Combine ingredients in a jar and shake vigirously until combined.  Serve over salad or roasted vegetables.

(makes 1 cup)


Entry filed under: Recipes, Salads. Tags: , , , , .

17 Random Facts About Honeybees Simplicity

17 Comments Add your own

  • 1. eggsonsunday  |  July 12, 2008 at 1:05 pm

    Everything is so, so beautiful! I made some strawberry vinegar the other week with our local strawberries, and with blueberries coming into season now, I think I’ll try your suggestion of blueberry vinegar. Love the blue borage flowers, too! 🙂

  • 2. Mary  |  July 13, 2008 at 5:19 pm

    I have been chomping on Nastertiums for a couple weeks now. They’re super delicious! And now I will have to make some of that blueberry lavender dressing!

  • 3. Jacqueline  |  July 14, 2008 at 2:18 pm

    Love these photos — I blog about flowers at http://www.teleflora.com/flowerblog — I have news and tips on decorating and entertaining with flowers, flower events, flower horoscopes and a chance to win free flowers. Hope you’ll check it out. Best, Jacqueline

  • 4. WasabiBratwurst  |  July 14, 2008 at 11:26 pm

    Stunning photos, thanks for sharing. I wish I could taste it.

    Living in a small condo in So Cal with a tiny patio space,we are limited with our container garden.

    Keep up the good work, I am very inspired!

  • 5. Audrey  |  July 15, 2008 at 11:17 am

    Try pickling the nasturtium seeds. They taste a bit like capers. Pick them before they get too big and hard. Soak in strong brine overnight then in fresh water for an hour. Drain and pack into dry jars and pour over boiling spiced vinegar, slightly sweetened, add a blade of mace,close tightly and use after 2 – 3 months. Nasturtiums grow like weeds here in Cape Town, south africa.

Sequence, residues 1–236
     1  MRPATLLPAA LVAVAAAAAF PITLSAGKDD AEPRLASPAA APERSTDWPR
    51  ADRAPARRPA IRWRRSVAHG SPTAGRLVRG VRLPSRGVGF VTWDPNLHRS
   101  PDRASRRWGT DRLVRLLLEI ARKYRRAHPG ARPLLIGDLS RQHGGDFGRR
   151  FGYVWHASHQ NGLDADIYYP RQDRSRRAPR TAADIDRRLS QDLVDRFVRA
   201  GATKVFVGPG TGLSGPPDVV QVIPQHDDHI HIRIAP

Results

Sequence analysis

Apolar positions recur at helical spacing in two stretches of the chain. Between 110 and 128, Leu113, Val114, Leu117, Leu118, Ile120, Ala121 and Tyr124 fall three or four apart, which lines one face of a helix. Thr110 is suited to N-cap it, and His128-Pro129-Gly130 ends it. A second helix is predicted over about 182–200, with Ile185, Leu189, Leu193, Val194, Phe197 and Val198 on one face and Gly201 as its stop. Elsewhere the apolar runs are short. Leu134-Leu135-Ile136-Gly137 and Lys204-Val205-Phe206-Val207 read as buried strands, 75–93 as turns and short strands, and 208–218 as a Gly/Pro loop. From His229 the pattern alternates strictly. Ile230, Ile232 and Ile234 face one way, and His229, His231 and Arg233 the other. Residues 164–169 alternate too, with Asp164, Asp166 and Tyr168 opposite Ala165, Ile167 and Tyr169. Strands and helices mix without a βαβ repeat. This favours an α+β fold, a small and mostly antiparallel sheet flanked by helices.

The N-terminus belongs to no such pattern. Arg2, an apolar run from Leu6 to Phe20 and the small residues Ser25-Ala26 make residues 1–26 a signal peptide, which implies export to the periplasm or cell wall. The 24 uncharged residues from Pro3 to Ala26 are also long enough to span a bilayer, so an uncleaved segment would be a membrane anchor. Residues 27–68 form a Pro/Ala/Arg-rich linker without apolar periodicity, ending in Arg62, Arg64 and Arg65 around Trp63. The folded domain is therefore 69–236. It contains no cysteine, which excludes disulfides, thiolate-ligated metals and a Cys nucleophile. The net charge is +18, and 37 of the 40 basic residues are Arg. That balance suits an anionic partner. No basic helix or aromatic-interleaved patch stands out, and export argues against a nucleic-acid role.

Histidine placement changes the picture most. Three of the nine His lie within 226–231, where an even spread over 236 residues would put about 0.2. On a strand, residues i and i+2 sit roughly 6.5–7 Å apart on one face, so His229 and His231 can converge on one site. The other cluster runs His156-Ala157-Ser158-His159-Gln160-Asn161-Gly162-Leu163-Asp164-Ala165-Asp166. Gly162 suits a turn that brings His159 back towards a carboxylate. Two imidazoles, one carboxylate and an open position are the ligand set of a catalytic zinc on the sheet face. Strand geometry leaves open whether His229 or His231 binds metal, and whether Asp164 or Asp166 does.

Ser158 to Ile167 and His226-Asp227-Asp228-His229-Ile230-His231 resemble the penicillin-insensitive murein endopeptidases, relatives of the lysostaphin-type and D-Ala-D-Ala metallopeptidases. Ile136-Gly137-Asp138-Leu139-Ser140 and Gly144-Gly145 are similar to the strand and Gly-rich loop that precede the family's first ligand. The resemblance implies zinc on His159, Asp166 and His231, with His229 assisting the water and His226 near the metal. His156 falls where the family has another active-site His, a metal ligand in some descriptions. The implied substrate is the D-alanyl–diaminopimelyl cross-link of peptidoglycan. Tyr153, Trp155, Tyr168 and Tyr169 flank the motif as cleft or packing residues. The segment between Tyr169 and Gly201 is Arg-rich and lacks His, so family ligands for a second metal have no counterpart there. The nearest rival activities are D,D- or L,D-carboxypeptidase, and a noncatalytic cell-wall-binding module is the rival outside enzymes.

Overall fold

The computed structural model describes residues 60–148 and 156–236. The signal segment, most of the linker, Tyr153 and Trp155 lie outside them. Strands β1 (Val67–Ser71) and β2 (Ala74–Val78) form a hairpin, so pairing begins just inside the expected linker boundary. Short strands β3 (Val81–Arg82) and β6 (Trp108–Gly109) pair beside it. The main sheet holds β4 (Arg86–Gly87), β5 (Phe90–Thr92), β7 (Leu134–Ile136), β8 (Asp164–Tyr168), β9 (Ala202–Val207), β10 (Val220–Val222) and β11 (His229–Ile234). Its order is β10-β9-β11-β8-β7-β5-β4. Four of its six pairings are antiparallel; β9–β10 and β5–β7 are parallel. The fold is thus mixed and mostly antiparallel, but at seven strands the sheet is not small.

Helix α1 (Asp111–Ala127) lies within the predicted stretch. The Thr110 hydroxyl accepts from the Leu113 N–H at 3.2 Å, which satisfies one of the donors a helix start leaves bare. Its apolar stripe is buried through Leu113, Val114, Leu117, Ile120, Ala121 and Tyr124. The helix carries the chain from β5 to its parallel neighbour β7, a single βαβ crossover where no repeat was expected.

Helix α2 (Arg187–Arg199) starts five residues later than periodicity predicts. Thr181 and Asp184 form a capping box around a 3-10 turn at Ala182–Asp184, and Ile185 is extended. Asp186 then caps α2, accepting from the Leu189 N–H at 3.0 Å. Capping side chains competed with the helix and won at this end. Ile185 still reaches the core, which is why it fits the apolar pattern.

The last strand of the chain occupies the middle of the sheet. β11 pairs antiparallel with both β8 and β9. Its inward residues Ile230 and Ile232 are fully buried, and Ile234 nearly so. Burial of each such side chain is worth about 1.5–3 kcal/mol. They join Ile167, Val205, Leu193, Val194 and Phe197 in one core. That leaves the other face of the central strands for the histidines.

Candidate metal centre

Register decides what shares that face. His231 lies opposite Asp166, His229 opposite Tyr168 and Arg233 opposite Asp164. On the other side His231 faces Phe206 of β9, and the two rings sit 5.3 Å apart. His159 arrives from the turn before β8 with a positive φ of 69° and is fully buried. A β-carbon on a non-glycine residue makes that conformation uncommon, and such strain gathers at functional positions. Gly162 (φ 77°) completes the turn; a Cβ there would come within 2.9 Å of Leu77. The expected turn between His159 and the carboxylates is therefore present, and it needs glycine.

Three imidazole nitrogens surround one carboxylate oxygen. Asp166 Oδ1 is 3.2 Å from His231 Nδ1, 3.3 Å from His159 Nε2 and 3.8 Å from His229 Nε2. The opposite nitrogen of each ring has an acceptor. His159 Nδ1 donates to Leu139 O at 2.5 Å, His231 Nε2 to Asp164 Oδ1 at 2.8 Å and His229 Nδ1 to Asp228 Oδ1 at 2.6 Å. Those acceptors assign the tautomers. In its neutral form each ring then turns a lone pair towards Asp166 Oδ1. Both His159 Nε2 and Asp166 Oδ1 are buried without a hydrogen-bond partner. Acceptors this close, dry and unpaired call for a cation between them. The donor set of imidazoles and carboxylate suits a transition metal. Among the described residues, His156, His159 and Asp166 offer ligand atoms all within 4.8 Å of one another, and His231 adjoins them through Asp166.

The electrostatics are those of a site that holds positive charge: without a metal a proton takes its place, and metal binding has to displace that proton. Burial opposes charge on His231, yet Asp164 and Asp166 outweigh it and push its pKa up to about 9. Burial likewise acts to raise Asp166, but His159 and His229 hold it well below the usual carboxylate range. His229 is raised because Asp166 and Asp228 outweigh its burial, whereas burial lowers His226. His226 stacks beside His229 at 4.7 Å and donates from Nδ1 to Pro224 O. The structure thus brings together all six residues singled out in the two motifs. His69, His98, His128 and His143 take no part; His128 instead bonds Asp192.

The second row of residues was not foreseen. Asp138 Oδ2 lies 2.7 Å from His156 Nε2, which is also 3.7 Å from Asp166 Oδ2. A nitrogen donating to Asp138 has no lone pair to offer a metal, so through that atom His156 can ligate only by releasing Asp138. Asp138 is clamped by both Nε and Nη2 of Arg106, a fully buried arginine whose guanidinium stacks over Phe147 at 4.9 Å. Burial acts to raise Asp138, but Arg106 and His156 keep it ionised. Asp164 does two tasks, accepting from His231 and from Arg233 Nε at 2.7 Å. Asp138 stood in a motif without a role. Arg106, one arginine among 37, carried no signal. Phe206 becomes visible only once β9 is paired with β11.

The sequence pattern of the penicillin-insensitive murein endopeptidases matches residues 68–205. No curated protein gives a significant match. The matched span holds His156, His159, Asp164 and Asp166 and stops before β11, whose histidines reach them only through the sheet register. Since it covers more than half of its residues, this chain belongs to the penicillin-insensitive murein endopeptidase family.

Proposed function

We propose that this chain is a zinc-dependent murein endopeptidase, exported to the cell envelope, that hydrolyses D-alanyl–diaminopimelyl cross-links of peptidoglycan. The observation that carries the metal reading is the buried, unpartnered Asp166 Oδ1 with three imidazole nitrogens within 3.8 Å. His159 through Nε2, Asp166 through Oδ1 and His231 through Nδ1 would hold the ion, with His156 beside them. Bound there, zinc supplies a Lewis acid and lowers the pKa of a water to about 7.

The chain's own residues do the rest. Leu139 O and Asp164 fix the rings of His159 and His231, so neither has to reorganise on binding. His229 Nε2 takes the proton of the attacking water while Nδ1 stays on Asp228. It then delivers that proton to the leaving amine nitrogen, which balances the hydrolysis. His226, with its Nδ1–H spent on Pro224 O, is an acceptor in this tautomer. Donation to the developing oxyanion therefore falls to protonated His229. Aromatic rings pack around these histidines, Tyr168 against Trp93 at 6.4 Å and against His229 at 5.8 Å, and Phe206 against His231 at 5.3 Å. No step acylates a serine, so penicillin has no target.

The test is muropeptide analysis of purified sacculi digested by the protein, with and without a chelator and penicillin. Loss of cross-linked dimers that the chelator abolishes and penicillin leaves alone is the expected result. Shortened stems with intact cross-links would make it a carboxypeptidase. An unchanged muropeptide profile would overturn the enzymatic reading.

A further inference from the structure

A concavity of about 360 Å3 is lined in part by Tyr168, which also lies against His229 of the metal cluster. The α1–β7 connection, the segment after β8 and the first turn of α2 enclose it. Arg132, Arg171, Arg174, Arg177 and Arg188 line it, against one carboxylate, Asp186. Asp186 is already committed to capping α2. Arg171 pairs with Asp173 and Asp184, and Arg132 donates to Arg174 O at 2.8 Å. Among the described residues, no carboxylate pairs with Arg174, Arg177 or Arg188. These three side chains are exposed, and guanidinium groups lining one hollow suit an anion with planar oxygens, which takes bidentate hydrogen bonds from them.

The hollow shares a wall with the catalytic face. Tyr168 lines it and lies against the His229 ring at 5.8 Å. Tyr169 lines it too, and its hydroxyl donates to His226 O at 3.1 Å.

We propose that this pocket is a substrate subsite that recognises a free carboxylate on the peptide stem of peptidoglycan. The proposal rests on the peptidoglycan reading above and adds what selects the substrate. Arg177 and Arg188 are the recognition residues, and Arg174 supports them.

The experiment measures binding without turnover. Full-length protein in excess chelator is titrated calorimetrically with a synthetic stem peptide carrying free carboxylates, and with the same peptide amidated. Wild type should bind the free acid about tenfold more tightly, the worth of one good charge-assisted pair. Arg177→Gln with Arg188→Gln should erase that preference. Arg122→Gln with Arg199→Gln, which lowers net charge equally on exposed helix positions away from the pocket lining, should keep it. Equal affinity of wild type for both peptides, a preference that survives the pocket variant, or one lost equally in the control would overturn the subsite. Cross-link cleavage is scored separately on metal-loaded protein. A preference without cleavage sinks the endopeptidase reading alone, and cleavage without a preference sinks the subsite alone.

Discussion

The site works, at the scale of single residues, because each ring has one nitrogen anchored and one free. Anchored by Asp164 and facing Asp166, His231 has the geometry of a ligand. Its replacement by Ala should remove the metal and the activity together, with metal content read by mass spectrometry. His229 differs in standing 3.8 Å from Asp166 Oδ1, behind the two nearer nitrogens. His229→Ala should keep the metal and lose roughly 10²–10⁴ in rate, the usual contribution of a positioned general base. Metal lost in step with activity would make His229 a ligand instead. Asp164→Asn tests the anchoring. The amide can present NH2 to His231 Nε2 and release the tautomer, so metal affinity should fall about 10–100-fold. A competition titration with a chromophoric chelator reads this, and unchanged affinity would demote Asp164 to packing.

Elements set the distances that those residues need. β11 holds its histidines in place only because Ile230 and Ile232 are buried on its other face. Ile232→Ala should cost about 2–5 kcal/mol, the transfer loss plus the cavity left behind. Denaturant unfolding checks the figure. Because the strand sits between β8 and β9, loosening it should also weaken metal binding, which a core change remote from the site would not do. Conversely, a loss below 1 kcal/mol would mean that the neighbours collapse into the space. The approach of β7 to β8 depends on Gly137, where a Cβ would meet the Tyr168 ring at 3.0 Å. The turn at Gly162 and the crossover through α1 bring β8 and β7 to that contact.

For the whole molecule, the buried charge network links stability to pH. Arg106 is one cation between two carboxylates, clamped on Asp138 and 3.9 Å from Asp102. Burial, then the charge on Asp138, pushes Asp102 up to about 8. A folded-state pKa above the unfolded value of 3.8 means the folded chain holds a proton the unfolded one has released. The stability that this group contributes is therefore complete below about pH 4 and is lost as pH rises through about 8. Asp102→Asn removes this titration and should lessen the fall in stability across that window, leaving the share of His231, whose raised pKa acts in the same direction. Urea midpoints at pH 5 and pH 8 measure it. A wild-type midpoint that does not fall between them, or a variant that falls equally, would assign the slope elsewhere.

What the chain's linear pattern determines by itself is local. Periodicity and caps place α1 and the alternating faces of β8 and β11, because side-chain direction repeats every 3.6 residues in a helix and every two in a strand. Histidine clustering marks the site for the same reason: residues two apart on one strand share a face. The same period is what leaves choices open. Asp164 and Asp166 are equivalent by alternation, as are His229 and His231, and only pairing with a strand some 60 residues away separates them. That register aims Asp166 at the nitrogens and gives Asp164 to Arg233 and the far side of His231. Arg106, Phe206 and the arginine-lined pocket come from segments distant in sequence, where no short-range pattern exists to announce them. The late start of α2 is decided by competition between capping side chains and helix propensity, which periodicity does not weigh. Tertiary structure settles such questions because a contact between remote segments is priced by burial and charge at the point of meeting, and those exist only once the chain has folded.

• 6. Jennie  |  July 15, 2008 at 2:46 pm

    Audrey – Thanks for the tip! I actually was thinking about investigating how to use the seeds since I’d heard they were a substitute for capers. This answers several of my questions. 🙂

  • 7. Peter Jeff  |  October 8, 2008 at 4:26 am

    Thats a great blueberry celebration I should say.
    You got wonderful live pictures.

    we are a florist company http://www.flowers-for-all-occasions.co.uk the pictures are really great!

  • 8. Milia  |  November 16, 2008 at 2:28 am

    Im going to have to try the Lavendar Blueberry Dressing! Where can I find sea salt? I don’t ever recall seeing it at the grocery store.

  • 9. Martha  |  November 21, 2008 at 4:54 pm

    My Favorite flower is the yellow rose. Does anyone know the meaning behind the different rose colors?

  • 10. Kampanye Damai Pemilu Indonesia 2009  |  April 25, 2009 at 6:23 am

    thanks for this usefull informations.. now i find what i want to know.. thank you so much..

  • 11. Swas  |  May 28, 2009 at 3:37 am

    The food must have benefits for our health. Talking about flower, I always want to give my wife with the most beautiful flower in the world to show how much I love her, 🙂

  • 12. Vladimir Khontol  |  June 1, 2009 at 10:39 am

    very nice photos, thanks for sharing with us.

  • 13. sulumits retsambew  |  July 21, 2009 at 1:17 am

    Pretty good post. I just stumbled upon your blog and wanted to say
    that I have really enjoyed reading your blog posts. Any way I’ll be subscribing to your feed and I hope you post again soon.

  • 14. moratmarit  |  August 19, 2009 at 2:12 pm

    i’m beliave, that flower have power.
    Thanks for information.

  • 15. cheez  |  August 20, 2009 at 12:56 am

    so beautiful! i like this

  • 16. ghenbiu  |  September 3, 2009 at 11:48 am

    nice info.i will bookmark this website right now

  • 17. kimsimon77  |  December 2, 2011 at 1:21 am

    Thanks for an amazing recipe, love your blog